Guide to Natural Kitchen Tools & Why You Need Them!

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Natural Kitchen Tools
53861038 - natural kitchen tools
First, as a raw foodist I’m at least 75% raw and 95% organic. So I rarely need to cook or even use natural kitchen tools. My poor stove is feeling a little neglected! But when I do, here is what I use.
Stay away from Teflon & PTFE or PFOA
These chemicals are used for making Teflon. The EPA has designated PFOA as a “likely carcinogen” and has already asked manufacturers to, pretty please, stop using PFOA. So polite! Of course, what’s not so polite is that PFOA pollutes over 95% of the blood of Americans — your blood! PFOA never breaks down in the environment, so every molecule produced since the 1940s when Du Pont invented Teflon, will be in our air, water and bodies FOREVER. In people and animals, PFOA causes cancer, birth defects and numerous other health problems. When you’re ready to replace your toxic non-stick pans with a healthy alternative, you’ll have 3 safe choices: ceramic, cast iron and stainless steel.
  • CERAMIC pans have no trace metals or chemicals that can leach into your food. For use on stove, in the oven or broiler – or the barbecue. Easy to clean, non-scratch, non-toxic.
  • CAST IRON: Cast iron is known for even heating, heat retention, durability and value. Remember to season cast iron pans to keep them rest-free with a permanent, natural nonstick surface. Cast iron is heavy and may not be the best choice if lifting is a problem for you. It’s also necessary to hand wash cast iron.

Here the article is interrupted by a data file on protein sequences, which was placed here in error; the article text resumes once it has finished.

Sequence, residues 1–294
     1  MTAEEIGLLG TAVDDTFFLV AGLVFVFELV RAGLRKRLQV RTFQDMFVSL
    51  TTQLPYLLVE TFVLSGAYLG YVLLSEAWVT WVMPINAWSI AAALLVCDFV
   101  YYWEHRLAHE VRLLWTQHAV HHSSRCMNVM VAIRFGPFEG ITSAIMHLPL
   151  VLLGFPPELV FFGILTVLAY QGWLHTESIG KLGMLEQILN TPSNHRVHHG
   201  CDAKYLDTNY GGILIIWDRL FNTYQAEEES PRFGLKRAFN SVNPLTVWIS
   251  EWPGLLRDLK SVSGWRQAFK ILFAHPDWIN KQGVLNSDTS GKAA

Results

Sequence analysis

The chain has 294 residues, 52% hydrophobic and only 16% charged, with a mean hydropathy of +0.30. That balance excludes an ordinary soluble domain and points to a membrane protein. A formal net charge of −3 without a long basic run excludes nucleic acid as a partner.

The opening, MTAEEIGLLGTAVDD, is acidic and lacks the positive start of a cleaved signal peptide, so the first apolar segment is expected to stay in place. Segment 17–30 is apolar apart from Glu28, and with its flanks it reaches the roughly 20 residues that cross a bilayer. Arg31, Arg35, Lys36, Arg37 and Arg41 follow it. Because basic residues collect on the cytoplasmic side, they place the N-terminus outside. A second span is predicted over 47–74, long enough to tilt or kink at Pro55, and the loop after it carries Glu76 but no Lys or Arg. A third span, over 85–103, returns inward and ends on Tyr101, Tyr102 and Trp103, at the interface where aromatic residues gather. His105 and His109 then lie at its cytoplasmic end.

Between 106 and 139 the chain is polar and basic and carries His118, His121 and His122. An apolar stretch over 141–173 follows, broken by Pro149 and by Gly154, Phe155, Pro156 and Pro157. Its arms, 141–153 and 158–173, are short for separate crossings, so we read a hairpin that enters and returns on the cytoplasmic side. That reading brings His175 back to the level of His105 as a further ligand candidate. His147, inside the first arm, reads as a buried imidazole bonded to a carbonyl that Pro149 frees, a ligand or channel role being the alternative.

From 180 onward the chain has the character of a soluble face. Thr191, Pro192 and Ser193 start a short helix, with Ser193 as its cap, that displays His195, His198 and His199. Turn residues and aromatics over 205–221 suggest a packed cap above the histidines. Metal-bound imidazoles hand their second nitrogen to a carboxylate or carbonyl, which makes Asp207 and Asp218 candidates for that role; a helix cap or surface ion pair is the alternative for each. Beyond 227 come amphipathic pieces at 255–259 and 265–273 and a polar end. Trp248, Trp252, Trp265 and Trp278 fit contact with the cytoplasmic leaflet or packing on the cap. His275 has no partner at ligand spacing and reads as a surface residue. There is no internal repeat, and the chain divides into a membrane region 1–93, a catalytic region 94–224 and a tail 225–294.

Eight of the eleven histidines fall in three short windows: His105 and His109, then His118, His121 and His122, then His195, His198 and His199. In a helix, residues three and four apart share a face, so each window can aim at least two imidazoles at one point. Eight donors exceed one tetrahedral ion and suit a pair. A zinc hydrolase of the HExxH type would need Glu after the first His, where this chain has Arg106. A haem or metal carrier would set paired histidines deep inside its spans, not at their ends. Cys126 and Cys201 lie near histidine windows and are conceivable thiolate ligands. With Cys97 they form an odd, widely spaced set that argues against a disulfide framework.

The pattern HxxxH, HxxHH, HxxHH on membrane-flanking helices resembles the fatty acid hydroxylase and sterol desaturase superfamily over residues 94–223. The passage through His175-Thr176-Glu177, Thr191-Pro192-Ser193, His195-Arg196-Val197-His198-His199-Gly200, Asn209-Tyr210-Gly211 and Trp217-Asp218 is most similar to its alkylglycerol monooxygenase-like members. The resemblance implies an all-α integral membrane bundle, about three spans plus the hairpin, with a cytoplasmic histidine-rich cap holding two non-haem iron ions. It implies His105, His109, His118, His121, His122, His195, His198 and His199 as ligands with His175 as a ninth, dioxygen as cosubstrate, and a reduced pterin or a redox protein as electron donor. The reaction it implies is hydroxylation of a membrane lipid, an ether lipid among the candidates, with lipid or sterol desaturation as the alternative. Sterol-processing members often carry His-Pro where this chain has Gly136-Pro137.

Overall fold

• STAINLESS STEEL: Especially avoid alloys containing nickel (chromium and molybdenum may also be in some alloys). This is particularly important for people with nickel allergies. Get high grade 18/10 stainless steel, which may be sandwiched around an aluminum core. Benefits include helping to cook foods faster, retains heat longer, few hot spots, heats faster, uses less energy, doesn’t react with acidic foods, durable and long lasting, dishwasher safe, food doesn’t stick with use of oil (I prefer olive oil).
  • Copper cookware is also not recommended because copper cookware must be lined due to the dangers of copper poisoning.
Don’t Give Old Pots & Pans to Goodwill.
If it’s not safe enough for your family why would you want someone else using them? I recommend putting them in your recycle trash bin or taking them to a recycling company. You may want to check with your trash company first as some curbside recycling programs do not accept nonstick pans. If that happens, many scrap yards will take them.
Another alternative if other options fail is to look for a mail-back program. For example, Calphalon, a manufacturer of fine cookware, will take trade-ins and then safely recycle your old nonstick pots and pans.
Reminder – there are many other items and personal care products that that contain PTFE or “fluoro” or “perfluoro” ingredients including some brands of dental floss designed to “glide” easier between your teeth. This is not what I would call an important product “benefit.”
Other products often treated with similar toxic stain-repellents include new furniture, new carpets, water and/or stain repellent clothing, breathable fabrics like Gortex, flame-retardant products including baby items, padded furniture, mattresses and pillows. Fast food and microwave foods (you don’t buy those I assume) typically use packaging treated with PFCs. Always look for natural materials that are less flammable like leather, wool and cotton.
Eliminate the Microwave